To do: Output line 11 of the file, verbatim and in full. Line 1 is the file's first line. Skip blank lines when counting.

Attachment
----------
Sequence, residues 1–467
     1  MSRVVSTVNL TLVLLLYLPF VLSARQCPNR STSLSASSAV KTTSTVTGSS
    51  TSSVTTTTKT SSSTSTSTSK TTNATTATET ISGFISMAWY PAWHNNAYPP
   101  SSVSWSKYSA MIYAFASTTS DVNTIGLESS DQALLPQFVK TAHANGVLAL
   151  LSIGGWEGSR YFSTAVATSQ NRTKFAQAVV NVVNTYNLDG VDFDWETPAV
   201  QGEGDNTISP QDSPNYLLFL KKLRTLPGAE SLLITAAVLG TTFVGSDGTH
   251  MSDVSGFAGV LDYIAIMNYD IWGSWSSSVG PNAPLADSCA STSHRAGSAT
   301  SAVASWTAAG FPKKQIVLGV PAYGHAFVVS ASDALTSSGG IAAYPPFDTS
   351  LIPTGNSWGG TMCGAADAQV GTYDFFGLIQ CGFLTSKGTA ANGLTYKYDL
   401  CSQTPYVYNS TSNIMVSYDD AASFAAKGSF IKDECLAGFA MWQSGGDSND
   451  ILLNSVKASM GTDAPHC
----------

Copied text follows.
   451  ILLNSVKASM GTDAPHC